A national health nonprofit, with around 12,000 doctor members, has installed three billboards in San Antonio that call for the Army to change its combat medic training by ending live animal use.
The billboards from the Physicians Committee for Responsible Medicine are meant to shine light on a little-known aspect of military medicine, said Dr. Robert DeMuth, a former Army surgeon who came to San Antonio on behalf of the organization.
“They basically show a goat that has an Army uniform superimposed on it, and it's chewing on some straw. It basically says that goats make lousy soldiers,” he said.
At Fort Sam Houston, medics in training use goats and pigs as models to practice different procedures. In 2017, the Army Medical Department Center and School trained 2,409 soldiers using live tissue training.
“I think that the simulators provide much better training than the animals do,” DeMuth said. “The anatomy of a goat is very different than the anatomy of a person. When you put in a chest tube, a goat chest in not like a human chest. When you do some of these specialized lines that have to be placed in the ankle, you use bony landmarks to find where to put the line. A goat’s ankle is not the same as a human’s.”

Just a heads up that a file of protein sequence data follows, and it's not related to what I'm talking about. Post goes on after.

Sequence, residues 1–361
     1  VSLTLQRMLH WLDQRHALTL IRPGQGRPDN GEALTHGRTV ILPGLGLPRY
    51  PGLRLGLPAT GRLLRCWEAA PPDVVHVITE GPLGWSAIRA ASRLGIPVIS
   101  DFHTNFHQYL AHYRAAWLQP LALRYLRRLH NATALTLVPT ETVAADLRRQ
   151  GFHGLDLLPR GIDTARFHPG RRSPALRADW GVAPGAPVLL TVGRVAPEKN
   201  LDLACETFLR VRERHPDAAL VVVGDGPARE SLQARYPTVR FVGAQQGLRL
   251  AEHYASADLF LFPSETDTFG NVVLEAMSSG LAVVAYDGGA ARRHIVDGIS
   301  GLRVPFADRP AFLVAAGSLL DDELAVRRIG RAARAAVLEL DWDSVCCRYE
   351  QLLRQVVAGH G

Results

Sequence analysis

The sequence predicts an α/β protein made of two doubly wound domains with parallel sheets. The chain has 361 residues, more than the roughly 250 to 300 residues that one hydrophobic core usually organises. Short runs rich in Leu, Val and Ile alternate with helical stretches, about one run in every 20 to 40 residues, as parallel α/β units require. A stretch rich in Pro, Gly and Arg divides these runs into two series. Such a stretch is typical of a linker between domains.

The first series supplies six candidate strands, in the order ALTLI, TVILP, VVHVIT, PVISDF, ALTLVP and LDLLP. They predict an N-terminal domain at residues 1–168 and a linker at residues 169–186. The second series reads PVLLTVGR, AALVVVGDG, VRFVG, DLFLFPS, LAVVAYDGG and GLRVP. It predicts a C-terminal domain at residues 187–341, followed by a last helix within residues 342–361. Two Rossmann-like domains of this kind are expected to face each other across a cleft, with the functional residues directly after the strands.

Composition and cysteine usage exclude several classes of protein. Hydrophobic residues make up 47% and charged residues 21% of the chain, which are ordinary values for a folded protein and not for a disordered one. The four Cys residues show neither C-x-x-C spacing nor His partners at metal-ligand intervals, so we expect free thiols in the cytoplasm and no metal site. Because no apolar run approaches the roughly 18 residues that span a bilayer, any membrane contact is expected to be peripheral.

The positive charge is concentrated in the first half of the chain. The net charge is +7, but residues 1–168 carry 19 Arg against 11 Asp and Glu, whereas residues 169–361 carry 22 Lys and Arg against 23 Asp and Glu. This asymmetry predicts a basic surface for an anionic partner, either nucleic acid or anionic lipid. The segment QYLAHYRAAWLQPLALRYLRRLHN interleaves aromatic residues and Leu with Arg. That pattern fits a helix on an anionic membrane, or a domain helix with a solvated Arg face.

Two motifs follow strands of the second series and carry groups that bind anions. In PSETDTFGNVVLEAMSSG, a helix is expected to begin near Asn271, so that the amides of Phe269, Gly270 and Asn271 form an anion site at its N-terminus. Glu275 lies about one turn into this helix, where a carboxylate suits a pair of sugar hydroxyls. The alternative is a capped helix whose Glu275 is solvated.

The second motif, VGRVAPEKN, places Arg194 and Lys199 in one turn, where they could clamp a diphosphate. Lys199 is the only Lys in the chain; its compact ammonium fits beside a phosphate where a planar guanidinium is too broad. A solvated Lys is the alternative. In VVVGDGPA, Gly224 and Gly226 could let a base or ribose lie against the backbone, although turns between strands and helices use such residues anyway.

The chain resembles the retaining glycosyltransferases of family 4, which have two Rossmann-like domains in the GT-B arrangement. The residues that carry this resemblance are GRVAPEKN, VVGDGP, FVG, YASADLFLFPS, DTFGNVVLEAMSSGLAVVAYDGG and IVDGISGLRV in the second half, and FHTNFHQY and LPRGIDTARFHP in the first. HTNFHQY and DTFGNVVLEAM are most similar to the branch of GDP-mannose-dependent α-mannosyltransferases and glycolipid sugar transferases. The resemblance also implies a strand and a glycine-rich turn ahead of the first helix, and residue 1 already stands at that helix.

Demuth said using the goats lead young medics to develop the wrong kind of muscle memory for the time-sensitive procedures they’ll perform on the battlefield.
He added that the relative cost of maintaining the animals — which includes making sure veterinarians are present during training activities — has to be considered.
"Sometimes they'll try to say, ‘Well, the goat costs this much and the simulator costs that much.’ But the thing you have to realize is that the simulator is reusable. When it’s done, it goes in a box. It goes on a shelf. With the goats, there's a far greater logistical cost," he said. "You have to feed them and maintain them."
Demuth said the animals also cannot be transported as easily.
Since 2009, the Department of Defense has invested around $16 million per year to provider simulation devices and products that assist combat casualty care training.
According to a statement from the Army Medical Department:
Currently, even the most advanced simulation systems cannot fully replicate the anatomy and pathophysiology of a severely wounded soldier. The Army continues to invest in the development of systems that meet these requirements. Until that time, those medics deploying to combat are trained using anesthetized animal patients under the supervision of a veterinarian.
The Physicians Committee for Responsible Medicine supports the BEST Practices Act, a bill that would give the military a timeline for phasing out live-tissue training. A spokesperson for the committee said she expects the bill to be considered by the House and Senate Armed Services Committees later this year.
Carson Frame can be reached at firstname.lastname@example.org or on Twitter @carson_frame